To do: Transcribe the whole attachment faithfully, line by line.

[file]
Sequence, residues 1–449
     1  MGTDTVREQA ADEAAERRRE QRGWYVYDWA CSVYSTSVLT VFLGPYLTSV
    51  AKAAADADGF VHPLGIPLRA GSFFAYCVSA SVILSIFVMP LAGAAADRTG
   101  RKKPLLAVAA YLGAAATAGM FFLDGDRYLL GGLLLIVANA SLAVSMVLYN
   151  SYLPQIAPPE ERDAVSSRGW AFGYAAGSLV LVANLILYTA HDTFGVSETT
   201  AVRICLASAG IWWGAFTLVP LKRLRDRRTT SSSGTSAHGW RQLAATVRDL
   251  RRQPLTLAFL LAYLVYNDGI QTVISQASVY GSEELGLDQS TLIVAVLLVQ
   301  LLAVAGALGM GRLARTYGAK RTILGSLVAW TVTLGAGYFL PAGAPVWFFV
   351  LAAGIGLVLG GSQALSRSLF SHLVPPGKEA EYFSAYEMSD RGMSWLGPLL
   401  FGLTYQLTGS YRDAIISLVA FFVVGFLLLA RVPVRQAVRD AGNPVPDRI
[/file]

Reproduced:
Sequence, residues 1–449
     1  MGTDTVREQA ADEAAERRRE QRGWYVYDWA CSVYSTSVLT VFLGPYLTSV
    51  AKAAADADGF VHPLGIPLRA GSFFAYCVSA SVILSIFVMP LAGAAADRTG
   101  RKKPLLAVAA YLGAAATAGM FFLDGDRYLL GGLLLIVANA SLAVSMVLYN
   151  SYLPQIAPPE ERDAVSSRGW AFGYAAGSLV LVANLILYTA HDTFGVSETT
   201  AVRICLASAG IWWGAFTLVP LKRLRDRRTT SSSGTSAHGW RQLAATVRDL
   251  RRQPLTLAFL LAYLVYNDGI QTVISQASVY GSEELGLDQS TLIVAVLLVQ
   301  LLAVAGALGM GRLARTYGAK RTILGSLVAW TVTLGAGYFL PAGAPVWFFV
   351  LAAGIGLVLG GSQALSRSLF SHLVPPGKEA EYFSAYEMSD RGMSWLGPLL
   401  FGLTYQLTGS YRDAIISLVA FFVVGFLLLA RVPVRQAVRD AGNPVPDRI